Subject: INFORMATION: In-service Performance Evaluation and Continuous Monitoring of Roadside Safety Features
Date: November 17, 2005
From: John R. Baxter, P.E.
Director, Office of Safety Design
In Reply Refer To: HSA-10
To: Safety Field
Ideally, all highway agencies should know precisely what has been incorporated into its roadway/roadside infrastructure and be able to monitor the performance of individual components of its highway system. Asset management has become a primary means of accomplishing this goal in many states. However, there remains one area where in-service evaluation or performance monitoring seems to be minimal at best, and that is the area of roadside safety features.
As some of you may recall, when the FHWA began formal acknowledgement of successfully crash tested safety appurtenances in the late1980's, we first accepted a device as an experimental feature, and later upgraded it to operational status when enough crash data had been gathered to show that it was, in fact, performing as desired under varied field conditions. Several State transportation agencies were reluctant, however, to install a safety device that was labeled experimental and many believed the evaluation process itself to be both time-consuming and expensive, so our two-phase acceptance procedure was dropped. Unfortunately, formal in-service evaluations of safety devices were dropped as well by most States.
Because the crash tests by which safety features are deemed acceptable for use on the NHS are conducted under ideal conditions, are limited in number, and use only two vehicle types, this testing may not reveal longer term operational, maintenance, or repair problems that do not become apparent under short-term certification testing. Actual field experience must be monitored to assure that a safety device is working as intended. In fact, Chapter 7 of the NCHRP Report 350 outlines a simplified procedure for conducting in-service performance evaluations on devices deemed crashworthy through standard testing procedures. The NCHRP Report 490, "In-Service Performance of Traffic Barriers", published in 2003, summarized the results of field evaluations of barrier terminals conducted in three states and provided a model methodology that can be used by hardware manufacturers and transportation agencies to monitor the performance of their hardware.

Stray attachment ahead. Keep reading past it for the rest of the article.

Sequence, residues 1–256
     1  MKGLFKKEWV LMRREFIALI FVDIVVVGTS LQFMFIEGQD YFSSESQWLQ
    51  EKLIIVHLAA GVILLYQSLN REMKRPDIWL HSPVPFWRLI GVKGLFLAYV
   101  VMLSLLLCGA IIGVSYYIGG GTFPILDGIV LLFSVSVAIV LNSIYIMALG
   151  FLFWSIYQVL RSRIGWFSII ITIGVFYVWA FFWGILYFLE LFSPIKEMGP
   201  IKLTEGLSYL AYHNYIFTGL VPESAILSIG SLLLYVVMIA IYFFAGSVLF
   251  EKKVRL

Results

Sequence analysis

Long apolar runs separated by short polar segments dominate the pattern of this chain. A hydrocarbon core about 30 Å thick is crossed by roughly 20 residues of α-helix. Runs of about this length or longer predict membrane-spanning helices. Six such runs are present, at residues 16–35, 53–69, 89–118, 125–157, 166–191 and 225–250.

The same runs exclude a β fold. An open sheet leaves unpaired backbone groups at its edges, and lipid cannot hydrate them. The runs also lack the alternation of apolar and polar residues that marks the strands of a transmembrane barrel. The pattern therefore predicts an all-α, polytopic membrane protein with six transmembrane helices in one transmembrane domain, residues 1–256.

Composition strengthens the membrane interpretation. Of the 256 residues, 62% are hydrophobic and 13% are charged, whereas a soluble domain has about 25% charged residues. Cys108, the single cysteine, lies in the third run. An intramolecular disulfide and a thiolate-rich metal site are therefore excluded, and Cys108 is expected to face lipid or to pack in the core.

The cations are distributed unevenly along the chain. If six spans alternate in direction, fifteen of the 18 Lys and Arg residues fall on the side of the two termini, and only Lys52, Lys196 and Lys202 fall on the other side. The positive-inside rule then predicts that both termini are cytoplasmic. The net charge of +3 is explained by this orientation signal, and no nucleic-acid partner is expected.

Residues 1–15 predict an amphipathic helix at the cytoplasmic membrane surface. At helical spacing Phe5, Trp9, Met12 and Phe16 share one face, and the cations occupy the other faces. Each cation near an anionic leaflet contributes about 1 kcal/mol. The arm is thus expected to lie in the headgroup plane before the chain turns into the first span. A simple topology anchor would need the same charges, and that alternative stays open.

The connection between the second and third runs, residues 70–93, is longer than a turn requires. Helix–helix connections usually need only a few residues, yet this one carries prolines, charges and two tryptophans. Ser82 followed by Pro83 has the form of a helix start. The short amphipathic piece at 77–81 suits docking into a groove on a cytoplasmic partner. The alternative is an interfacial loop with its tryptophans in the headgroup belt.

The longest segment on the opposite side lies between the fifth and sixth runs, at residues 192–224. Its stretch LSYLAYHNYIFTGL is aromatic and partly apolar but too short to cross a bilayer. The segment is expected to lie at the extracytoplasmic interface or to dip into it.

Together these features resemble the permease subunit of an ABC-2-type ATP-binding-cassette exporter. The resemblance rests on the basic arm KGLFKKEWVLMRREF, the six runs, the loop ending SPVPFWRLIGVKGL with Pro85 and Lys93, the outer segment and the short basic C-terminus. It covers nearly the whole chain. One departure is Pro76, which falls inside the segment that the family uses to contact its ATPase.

Several States routinely conduct in-depth evaluations at locations where fatal or otherwise severe crashes have occurred in order to assess potential liability firsthand, but also to determine if roadway or roadside design contributed in any way to the severity of the crash. This specific activity should be conducted by those in the highway agency who are responsible for the design and maintenance of the roadside safety hardware and may be reported as part of each State's HSIP as it will provide valuable input into the report required under 23 U.S.C. 148 (g).
I am enclosing an evaluation study recently completed by a manufacturer on a unique crash cushion that had been developed, tested, and accepted for use on the NHS. In this case, our formal acceptance letter (CC-85) requested that an evaluation be conducted since the product was different from others on the market. One can readily see that the report is very straightforward, primarily requiring notification when a crash occurs and follow-up on site to obtain as much information on the consequences of the crash – to the vehicle involved, its occupants, and the device itself.
Both types of assessments should be an ongoing effort at all levels and for all roadside safety features to verify expected impact performance and, as suggested above, can be used as input to assess the effectiveness of the roadway departure elements of each State's overall HSIP.
Page last modified on May 18, 2017